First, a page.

fparseln (3) - Linux Manuals

fparseln: return the next logical line from a stream


fparseln - return the next logical line from a stream


Lb libbsd


In bsd/stdio.h Ft char * Fo fparseln Fa FILE *stream size_t *len size_t *lineno Fa const char delim[3] int flags Fc


The Fn fparseln function returns a pointer to the next logical line from the stream referenced by Fa stream . This string is NUL terminated and it is dynamically allocated on each invocation. It is the responsibility of the caller to free the pointer.

By default, if a character is escaped, both it and the preceding escape character will be present in the returned string. Various Fa flags alter this behaviour.

The meaning of the arguments is as follows:

Fa stream
The stream to read from.
Fa len
If not NULL the length of the string is stored in the memory location to which it points.
Fa lineno
If not NULL the value of the memory location to which is pointed to, is incremented by the number of lines actually read from the file.
Fa delim
Contains the escape, continuation, and comment characters. If a character is NUL then processing for that character is disabled. If NULL all characters default to values specified below. The contents of Fa delim is as follows:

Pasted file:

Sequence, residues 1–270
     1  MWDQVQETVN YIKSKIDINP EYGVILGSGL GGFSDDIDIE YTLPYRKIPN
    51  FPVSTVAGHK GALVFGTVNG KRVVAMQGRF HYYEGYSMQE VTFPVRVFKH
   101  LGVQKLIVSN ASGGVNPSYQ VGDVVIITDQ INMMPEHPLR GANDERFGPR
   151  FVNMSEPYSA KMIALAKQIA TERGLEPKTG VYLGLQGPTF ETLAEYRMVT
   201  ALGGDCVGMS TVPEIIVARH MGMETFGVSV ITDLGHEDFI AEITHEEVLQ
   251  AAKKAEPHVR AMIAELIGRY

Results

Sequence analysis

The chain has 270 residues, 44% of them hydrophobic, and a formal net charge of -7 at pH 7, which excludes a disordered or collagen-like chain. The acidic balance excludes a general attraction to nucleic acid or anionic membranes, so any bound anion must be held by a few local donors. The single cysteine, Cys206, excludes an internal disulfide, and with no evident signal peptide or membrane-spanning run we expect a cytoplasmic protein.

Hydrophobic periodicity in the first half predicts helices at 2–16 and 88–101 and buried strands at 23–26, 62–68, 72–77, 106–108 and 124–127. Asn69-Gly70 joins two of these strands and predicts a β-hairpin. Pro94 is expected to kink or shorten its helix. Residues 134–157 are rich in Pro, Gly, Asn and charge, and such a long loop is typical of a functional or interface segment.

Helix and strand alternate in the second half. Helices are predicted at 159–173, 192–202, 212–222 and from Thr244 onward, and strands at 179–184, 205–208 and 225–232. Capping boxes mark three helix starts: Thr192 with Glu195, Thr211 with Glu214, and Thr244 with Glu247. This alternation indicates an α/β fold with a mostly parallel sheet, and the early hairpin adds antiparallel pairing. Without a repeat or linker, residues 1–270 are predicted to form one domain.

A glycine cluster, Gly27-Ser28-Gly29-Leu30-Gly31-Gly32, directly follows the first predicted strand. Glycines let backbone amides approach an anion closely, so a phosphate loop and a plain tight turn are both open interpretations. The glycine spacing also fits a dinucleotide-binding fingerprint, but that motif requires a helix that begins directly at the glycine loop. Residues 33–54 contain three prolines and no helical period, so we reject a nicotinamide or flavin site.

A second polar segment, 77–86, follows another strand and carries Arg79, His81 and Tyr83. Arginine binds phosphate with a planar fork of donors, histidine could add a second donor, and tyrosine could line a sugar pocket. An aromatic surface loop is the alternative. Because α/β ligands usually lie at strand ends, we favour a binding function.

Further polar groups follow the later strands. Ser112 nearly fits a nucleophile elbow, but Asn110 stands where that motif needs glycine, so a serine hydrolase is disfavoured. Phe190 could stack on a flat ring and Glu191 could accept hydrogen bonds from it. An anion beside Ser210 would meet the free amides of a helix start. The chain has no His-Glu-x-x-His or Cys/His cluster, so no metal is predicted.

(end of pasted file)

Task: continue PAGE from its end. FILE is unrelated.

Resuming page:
Fa delim[0]
The escape character, which defaults to \ is used to remove any special meaning from the next character.
Fa delim[1]
The continuation character, which defaults to \ is used to indicate that the next line should be concatenated with the current one if this character is the last character on the current line and is not escaped.
Fa delim[2]
The comment character, which defaults to # if not escaped indicates the beginning of a comment that extends until the end of the current line.

Fa flags
If non-zero, alter the operation of Fn fparseln . The various flags, which may be or -ed together, are:

Remove escape preceding an escaped comment.
Remove escape preceding an escaped continuation.
Remove escape preceding an escaped escape.
Remove escape preceding any other character.
All of the above.


Upon successful completion a pointer to the parsed line is returned; otherwise, NULL is returned.

The Fn fparseln function uses internally fgetln(3), so all error conditions that apply to fgetln(3), apply to Fn fparseln . In addition Fn fparseln may set errno to Bq Er ENOMEM and return NULL if it runs out of memory.


The Fn fparseln function first appeared in Nx 1.4 .